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Most Influential Charlton player.

Not best player, a new slant. Who has been the most influentia
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  • Current? Pearce probably.
  • Don Welsh
  • The late Ted Croker was at the top of either the FA or the football league at one time so would have been influential. I think Eric Dier is his grandson too so he's influenced the England team indirectly.
  • Not best player, a new slant. Who has been the most influentia

    In which era would that be......there are quite a few but at different times and in different ways.
    Great players are naturally seen as being influential.....so in what way do you mean?
    On the pitch or off it......it’s an almost impossible question to ask unless you are more specific as to what you mean by influential.
  • edited November 1
    Over the last 60 years I'd have to say Mendonca for his goal scoring feat at Wembley in the play off final which provided the building blocks for the extended run in the Premier league, two seasons later.
  • In terms of football my late father and grandparents told me that Sam Bartram was the best goalkeeper never to play for England. They said it was because he would dribble with the ball sometimes venturing quite a way up the field.

    All goalkeepers have had to dribble rather than pick the ball up in the area for quite a few years.

    Maybe Sam influenced that. I was too young to see him play myself which may surprise some.
  • Karim bagheri. What a tache.
  • RedChaser said:

    Over the last 60 years I'd have to say Mendonca for his goal scoring feat at Wembley in the play off final which provided the building blocks for the extended run in the Premier league, two seasons later.

    I’m not taking anything away from Clive and arguably Robinson was only a bit player on the day but I wonder what would have happened had we been denied Clive’s services for that season (due to random injury/whatever) or if we had been denied Mssr Robinson’s for the whole season??
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  • Any era. I think Mendonca, with Kinsella close.
    Robert Lee as his sale got us back to the Valley.
    A slight odd ball , Thuram, as he was the evidence that Roland was ruining the club.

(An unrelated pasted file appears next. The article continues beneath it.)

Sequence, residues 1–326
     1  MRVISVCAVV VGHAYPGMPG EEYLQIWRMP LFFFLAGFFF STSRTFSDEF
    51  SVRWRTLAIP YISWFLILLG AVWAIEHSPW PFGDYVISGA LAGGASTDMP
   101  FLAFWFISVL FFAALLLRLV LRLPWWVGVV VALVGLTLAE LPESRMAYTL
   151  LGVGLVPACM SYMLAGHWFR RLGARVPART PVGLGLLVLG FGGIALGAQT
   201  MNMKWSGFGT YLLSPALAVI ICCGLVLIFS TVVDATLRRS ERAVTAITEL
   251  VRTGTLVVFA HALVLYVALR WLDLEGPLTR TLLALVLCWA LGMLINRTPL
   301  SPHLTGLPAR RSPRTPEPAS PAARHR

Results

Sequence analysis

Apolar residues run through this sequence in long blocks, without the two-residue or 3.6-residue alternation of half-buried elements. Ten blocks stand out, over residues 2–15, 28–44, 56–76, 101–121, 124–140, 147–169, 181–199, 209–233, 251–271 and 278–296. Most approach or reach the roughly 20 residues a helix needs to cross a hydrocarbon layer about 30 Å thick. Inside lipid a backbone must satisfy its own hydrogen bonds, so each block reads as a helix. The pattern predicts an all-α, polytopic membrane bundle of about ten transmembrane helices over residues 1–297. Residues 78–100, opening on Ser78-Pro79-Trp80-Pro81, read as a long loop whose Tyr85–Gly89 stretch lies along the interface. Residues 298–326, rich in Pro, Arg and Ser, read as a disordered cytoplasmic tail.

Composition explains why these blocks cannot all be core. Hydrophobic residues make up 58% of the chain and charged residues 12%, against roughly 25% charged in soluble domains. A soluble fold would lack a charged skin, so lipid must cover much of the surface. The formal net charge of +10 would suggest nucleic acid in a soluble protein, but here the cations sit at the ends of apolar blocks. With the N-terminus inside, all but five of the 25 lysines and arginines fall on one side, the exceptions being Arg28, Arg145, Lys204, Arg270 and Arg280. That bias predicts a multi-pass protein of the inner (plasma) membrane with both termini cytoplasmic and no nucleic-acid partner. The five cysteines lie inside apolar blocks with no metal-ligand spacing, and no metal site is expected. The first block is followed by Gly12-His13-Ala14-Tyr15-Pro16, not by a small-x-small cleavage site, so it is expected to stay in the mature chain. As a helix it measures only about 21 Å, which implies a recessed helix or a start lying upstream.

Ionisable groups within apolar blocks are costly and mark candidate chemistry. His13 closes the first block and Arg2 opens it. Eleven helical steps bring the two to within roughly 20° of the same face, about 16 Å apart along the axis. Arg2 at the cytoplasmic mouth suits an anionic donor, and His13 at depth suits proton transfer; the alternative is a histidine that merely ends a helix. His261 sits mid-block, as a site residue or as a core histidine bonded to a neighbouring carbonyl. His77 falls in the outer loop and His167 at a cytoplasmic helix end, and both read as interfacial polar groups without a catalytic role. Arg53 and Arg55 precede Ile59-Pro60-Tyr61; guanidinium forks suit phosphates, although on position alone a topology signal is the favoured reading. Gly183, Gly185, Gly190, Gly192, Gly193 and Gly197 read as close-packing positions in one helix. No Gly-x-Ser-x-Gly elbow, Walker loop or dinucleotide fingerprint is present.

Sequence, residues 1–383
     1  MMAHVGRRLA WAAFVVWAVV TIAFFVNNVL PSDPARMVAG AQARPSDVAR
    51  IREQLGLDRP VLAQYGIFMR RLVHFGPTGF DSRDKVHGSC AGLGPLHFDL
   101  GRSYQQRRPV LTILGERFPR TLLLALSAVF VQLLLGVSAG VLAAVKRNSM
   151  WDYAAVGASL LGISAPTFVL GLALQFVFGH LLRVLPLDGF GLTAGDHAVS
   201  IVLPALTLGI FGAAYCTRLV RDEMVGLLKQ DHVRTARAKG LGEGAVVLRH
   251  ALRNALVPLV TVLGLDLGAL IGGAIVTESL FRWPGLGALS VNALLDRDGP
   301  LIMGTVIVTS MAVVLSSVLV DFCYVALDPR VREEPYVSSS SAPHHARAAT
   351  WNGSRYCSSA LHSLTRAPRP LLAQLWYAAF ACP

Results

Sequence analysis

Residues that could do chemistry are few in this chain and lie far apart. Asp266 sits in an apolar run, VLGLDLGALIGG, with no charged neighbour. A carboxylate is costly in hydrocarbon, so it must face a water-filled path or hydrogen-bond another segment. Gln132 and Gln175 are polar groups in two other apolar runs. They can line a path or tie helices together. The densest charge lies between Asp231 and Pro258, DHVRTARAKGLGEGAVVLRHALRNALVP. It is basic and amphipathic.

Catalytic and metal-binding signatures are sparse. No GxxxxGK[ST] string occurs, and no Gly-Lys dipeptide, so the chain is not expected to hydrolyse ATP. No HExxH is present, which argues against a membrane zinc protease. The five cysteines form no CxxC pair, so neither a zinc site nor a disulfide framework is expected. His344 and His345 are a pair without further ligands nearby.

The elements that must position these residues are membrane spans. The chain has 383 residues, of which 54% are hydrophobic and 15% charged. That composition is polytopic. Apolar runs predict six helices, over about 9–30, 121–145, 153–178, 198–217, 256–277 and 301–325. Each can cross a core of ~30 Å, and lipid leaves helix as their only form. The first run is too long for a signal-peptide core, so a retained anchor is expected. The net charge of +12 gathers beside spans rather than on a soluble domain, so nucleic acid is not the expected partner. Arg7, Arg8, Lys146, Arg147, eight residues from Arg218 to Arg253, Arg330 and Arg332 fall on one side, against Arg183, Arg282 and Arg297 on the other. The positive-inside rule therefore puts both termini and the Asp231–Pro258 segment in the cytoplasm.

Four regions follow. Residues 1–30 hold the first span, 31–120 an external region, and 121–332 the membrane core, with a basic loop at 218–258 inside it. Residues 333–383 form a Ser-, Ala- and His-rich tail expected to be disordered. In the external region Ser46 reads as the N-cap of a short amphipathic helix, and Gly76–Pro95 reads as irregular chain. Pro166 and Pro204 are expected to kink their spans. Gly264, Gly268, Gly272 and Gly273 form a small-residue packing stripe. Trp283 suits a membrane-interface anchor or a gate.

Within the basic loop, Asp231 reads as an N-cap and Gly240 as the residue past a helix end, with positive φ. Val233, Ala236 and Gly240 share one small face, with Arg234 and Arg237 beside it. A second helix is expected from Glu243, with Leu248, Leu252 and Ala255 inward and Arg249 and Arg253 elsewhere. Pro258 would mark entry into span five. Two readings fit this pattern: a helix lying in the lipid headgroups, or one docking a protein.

• Curbs.
  • iainment said:

    Curbs.

    Sneaky....for me he was a bang-average player...
  • edited November 1
    Killer. We were a different team when he was injured (or more likely suspended).
    Colin Walsh.
  • Fumbluff said:

    iainment said:

    Curbs.

    Sneaky....for me he was a bang-average player...
    Ok, Chris Powell then.
  • Di Canio
    Dragged the existing standards up by the neck to make us a proper Prem side.
  • Capitano said:

    In my time, it has to be mark kinsella. Lifted the play off final trophy at Wembley and won a league title. Legend in every sense.

    My thoughts, precisely
  • Capitano said:

    In my time, it has to be mark kinsella. Lifted the play off final trophy at Wembley and won a league title. Legend in every sense.

    Kinsella was also my initial reaction, What I would call a "proper" captain.
  • Johnnie Jackson for me. We haven't had much "proper Charlton" in the last 5 years but always had that one constant connection to the fans through all the shit we have dealt with. It's easy to pick the players like Mendonca or Robinson (my fave player btw when I was younger) when the times are good but I think the true heroes are the ones who lead us through and keep the light burning through adversity.
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  • Been watching Charlton for 55 years and in my opinion Scott Parker was the most influential player
  • Mark Kinsella was the epitamy of an influential player . Nobody in the last 30 years had come as close .
  • Been watching Charlton for 55 years and in my opinion Scott Parker was the most influential player

    I would second that. But I've only been watching us for 53 years!
  • Been watching Charlton for 55 years and in my opinion Scott Parker was the most influential player

    Probably noticed most keenly once he left
  • Kishishev
  • Scott Parker. It was like having an extra player in the side whenever he pulled on the shirt for us during his peak.
  • edited November 2
    Peter Shirtliff. He was a calm driver of Lennie Lawrence's re-built side and he did so with determination, courage and positivity.
    His play-off goals were crucial to the immediate well-being of the club, but his influence was noted both before and after them.
  • Peter Shirtliff. He was a calm driver of Lennie Lawrence's re-built side and he did so with determination, courage and positivity.
    His play-off goals were crucial to the immediate well-being of the club, but his influence was noted both before and after them.

    This is a good shout.

    We were relegated the season after he left despite breaking our transfer record for his replacement.
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